In a grassroots setting I worked in previously we had a rule – if the kids turned up then we would play. It was the choice of the group and their parents if we played.  This meant that sometimes we played for just 30 minutes instead of the full hour, sometimes the session plan went out of the window and we just played little games and sometimes we led sessions with only three or four kids.

What we must always understand is that every child is different, some will love and thrive in the terrible weather whereas others will hate it. Either way, they are both likely to remember it for a life time.

We must make certain that our coaching fosters a love of the game and a love of playing it. Make sure that when you are next faced with bad weather you make decisions and plans based on the best interests of the little people that turn up each week to play the great game of football with you.

10) Find a way to use the weather to create memories

Some of my fondest experiences as a kid were playing outside in terrible weather.  I still remember my first game in snow and the excitement playing with an orange ball for the first time gave us, the sliding tackles that seemed to last a full 30 yards through the midfield mud-pit and the diving headers that gave such a splash landing that if you timed it well could soak the watching parents.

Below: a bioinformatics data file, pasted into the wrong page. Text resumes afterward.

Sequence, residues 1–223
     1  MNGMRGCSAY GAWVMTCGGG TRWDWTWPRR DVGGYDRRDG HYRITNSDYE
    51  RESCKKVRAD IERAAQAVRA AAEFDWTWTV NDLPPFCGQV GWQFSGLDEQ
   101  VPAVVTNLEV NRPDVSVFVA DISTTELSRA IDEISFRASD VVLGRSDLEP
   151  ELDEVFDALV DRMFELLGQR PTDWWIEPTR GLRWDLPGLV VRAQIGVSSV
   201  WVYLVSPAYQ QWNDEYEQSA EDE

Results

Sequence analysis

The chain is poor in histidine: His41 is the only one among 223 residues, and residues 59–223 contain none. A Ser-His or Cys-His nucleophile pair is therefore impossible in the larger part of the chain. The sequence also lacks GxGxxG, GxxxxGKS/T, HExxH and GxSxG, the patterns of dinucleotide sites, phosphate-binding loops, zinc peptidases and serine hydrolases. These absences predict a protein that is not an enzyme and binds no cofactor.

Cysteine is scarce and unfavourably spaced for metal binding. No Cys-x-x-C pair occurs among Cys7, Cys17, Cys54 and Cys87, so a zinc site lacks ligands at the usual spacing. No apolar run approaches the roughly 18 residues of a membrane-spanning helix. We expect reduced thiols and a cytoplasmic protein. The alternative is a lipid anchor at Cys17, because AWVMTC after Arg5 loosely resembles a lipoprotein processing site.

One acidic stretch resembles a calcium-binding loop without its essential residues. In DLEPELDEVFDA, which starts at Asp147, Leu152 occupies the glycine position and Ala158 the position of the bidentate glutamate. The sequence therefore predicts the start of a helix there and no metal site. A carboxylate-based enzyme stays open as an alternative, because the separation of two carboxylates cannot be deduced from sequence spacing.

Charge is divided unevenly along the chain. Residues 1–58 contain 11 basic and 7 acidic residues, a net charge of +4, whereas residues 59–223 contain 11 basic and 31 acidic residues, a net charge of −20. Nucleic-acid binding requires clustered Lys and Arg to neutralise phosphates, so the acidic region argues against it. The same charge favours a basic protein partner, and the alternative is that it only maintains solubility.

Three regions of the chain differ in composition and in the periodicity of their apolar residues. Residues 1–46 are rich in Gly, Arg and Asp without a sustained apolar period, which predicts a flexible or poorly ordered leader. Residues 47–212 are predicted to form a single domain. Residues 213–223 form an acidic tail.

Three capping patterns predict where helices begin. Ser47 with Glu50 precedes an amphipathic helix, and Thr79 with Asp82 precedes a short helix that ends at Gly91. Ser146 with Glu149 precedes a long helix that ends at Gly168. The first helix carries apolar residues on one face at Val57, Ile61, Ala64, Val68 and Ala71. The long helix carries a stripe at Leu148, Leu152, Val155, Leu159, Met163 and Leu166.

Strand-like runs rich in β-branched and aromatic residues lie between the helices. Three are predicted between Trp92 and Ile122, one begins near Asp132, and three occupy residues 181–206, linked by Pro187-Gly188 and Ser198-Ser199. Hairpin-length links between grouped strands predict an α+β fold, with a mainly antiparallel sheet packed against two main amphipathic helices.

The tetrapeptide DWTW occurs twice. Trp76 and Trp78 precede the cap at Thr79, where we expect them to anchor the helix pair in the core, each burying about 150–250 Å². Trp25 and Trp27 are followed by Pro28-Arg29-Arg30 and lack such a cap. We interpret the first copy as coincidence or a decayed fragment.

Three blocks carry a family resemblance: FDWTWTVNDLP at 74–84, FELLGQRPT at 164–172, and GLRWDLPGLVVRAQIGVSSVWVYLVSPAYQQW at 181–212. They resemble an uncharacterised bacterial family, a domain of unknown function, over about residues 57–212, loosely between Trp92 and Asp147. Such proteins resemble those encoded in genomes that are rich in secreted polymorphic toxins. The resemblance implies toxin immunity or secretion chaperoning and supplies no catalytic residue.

We must appreciate that we could be building memories for our players; let’s make sure they are positive ones where the kids can’t wait to play the next time it rains. Starting to implement all of the above is a good foundation to start from.

Courtesy of The FA.

Do you genuinely believe your constant criticism helps your boy????

How many times do I have to hear his voice through the game…

Do this…

Do that…

Don’t do that…

Don’t do this…

Why did you do that…

You should of done this…

 

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Every single time his son gets the ball or at times when he hasn’t got the ball. No matter where his son is on the pitch his father informs him he’s “Out of position” or he’s “Lost his man” 

If he attempts to control the ball and pass his father informs him “Just get rid” If he puts his foot through it his father informs him “ah you should have took a touch you had loads of time”